Institute of African Studies - Columbia University

A History of Motherhood in Nineteenth Century Uganda

Event Details

A History of Motherhood in Nineteenth Century Uganda
Professor Rhiannon Stephens, Columbia University Chairs: Hlonipha Mokoena and Gregory Mann
Date: 
February 12, 2013 - 6:00pm to 8:00pm
Location: 
Columbia University Faculty House

Abstract: This paper traces the very different ways in which people mobilised motherhood as a social institution and an ideology in central and eastern Uganda as they faced the rapid economic and political changes of the nineteenth century. It argues that this was a period of contradictions in relation to motherhood’s role in the societies of the region. Motherhood remained central to social cohesion, particularly in the east, in a continuation albeit not unchanged of a much older tradition. This was reflected in the power wielded by queen mothers and in the political and ritual importance of a woman’s children to her kin. At the same time and especially in Buganda, men sought – often through violence – to undermine both the queen mother’s authority and the importance of her family in the kingdom. These tensions came to a head at the end of the century with the imposition of colonial rule and the exclusion of women from power.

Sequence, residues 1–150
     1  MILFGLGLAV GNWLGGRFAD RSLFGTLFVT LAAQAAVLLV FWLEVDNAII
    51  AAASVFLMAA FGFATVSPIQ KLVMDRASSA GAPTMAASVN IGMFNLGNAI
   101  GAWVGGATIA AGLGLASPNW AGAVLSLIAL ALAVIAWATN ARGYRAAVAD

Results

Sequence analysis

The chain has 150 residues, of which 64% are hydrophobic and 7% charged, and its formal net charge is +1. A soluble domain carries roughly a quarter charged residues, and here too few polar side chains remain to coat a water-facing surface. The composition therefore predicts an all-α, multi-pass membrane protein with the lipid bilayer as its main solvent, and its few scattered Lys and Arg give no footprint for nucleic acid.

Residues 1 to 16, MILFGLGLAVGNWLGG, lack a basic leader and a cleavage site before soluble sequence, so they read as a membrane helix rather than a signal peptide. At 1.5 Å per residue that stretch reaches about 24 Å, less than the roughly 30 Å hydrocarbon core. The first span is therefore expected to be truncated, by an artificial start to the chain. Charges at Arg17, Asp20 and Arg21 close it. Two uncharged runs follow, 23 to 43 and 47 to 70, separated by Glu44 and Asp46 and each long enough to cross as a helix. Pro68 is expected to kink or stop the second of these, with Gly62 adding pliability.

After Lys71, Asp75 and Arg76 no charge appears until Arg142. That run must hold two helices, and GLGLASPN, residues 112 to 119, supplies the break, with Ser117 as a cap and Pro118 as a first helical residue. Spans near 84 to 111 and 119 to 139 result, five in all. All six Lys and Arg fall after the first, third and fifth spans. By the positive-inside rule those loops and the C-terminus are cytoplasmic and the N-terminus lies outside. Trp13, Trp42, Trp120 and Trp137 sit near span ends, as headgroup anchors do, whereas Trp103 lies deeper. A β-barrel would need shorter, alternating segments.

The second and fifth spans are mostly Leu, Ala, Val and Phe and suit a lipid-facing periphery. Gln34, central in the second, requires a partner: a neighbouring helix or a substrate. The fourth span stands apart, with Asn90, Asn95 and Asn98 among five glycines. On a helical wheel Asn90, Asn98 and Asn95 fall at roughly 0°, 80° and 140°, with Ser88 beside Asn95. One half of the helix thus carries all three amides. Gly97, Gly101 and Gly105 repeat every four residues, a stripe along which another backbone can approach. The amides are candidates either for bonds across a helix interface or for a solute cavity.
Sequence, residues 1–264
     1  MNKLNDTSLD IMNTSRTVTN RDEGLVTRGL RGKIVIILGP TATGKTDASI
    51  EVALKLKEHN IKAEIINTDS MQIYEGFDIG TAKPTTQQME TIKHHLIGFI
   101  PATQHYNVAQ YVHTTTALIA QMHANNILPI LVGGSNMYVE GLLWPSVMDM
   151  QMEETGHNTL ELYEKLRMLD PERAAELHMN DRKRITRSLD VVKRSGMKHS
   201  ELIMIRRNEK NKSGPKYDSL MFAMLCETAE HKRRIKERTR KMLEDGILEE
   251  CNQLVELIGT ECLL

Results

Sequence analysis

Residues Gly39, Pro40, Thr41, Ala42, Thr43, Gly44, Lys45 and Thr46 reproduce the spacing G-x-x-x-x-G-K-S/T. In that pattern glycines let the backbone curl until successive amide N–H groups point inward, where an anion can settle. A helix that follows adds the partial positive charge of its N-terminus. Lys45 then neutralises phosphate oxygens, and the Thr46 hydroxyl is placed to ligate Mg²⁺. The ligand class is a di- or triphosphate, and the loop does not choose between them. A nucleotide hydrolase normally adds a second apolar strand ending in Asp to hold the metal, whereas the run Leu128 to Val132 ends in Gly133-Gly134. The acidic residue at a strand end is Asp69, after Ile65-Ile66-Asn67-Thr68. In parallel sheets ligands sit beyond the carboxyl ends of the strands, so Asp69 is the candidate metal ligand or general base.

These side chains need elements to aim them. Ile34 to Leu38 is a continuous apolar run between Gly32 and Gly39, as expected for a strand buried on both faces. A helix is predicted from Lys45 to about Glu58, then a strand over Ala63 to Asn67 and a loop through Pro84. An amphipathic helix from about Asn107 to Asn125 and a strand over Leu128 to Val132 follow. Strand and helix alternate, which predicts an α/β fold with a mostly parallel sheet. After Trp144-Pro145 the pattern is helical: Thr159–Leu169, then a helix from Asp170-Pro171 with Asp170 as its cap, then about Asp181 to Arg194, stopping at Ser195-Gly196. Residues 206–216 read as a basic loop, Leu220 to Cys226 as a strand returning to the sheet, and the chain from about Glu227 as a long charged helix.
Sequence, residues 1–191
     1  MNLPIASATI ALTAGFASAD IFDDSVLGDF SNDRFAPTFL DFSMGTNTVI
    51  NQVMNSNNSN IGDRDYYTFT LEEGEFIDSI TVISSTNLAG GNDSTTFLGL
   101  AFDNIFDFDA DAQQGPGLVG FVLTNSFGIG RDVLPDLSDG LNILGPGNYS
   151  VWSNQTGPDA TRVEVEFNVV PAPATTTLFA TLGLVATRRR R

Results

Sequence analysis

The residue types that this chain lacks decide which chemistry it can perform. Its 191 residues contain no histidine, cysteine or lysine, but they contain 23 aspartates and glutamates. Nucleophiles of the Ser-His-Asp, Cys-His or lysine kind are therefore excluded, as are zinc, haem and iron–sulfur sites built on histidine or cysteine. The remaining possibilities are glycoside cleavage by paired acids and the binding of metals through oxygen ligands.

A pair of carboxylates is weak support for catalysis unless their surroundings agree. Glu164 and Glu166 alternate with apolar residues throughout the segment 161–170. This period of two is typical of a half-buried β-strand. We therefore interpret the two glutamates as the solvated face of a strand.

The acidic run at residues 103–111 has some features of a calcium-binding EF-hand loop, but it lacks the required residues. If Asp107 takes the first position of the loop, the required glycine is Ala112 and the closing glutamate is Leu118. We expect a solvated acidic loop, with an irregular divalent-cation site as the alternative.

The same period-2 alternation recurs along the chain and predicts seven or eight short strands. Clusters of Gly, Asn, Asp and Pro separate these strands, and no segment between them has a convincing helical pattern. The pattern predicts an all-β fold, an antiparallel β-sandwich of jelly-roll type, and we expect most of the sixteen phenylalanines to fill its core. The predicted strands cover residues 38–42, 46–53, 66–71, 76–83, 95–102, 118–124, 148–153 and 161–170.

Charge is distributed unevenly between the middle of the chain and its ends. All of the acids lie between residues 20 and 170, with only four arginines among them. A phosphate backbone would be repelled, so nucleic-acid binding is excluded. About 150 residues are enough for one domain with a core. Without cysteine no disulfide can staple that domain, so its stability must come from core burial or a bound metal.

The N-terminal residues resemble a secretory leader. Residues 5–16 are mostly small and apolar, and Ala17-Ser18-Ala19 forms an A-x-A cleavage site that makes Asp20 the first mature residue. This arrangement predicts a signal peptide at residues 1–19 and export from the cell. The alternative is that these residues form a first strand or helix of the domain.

Columbia University Faculty House (directions available here)

RSVP to sfd2107@columbia.edu if you would like to join the group for dinner at a nearby restaurant following the talk.